TexasKayakFisherman.com est. 2000

Kayak fishing the Lone Star State...


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By Shadow_Fox
#1631214
Anyone know of any good places around San Antonio that I could go Kayak camping. I am in Afghanistan but working on a master plan for when I get home. :) If prior planning prevents piss poor performance and I have a year this ought to be one outstanding trip.
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By Malibu_X
#1642868
Lollipop wrote:
coloradontexas wrote:anyone got pictures of their yak loaded for camping? Would love to see how ya'll are doin it.


I do not have photos of my kayak loaded and on the water, but I have photos of two companions who joined me for a trip on Boquillas Canyon. We had agreed to each take not more than 76 pounds of gear. That included 3 gallons of water each (25 pounds). When we showed up at the launch site, one of the participants, an avid backpacker, showed up with what he described as a little more than 76 pounds of gear. The other gentleman packed most of his gear neatly in his sit inside.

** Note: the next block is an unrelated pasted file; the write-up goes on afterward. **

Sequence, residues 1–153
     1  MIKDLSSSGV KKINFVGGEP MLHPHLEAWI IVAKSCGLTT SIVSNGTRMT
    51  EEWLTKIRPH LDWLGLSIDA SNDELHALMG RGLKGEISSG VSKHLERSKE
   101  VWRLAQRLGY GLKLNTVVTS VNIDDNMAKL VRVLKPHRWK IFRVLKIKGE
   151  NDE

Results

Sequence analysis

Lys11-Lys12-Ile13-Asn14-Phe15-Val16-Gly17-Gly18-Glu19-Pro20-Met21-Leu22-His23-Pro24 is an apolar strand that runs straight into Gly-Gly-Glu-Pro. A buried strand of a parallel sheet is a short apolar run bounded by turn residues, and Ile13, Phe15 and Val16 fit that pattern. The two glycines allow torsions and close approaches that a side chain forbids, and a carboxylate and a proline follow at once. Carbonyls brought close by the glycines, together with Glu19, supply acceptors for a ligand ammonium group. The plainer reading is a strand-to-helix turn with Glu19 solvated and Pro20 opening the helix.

Lollipop


Oh man, I think I cried alittle I was laughing so hard! How much weight can his yak hold? And did he ever think of it being top heavy!?! Great post! And great thread!
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By Shadow_Fox
#1648513
Hey TD, did you ever try Canyon Lake? My wife is working out there and says she see all kinds of kayaks coming in. No honey I don't mind taking you to work today just let me grab a thing or two....
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By TDD
#1648776
Shadow_Fox wrote:Hey TD, did you ever try Canyon Lake? My wife is working out there and says she see all kinds of kayaks coming in. No honey I don't mind taking you to work today just let me grab a thing or two....



No I haven't ...... since i live on the beach I tend to enjoy rivers or streams more than large lakes when I leave the beach but since I never have been I guess that I should :wink: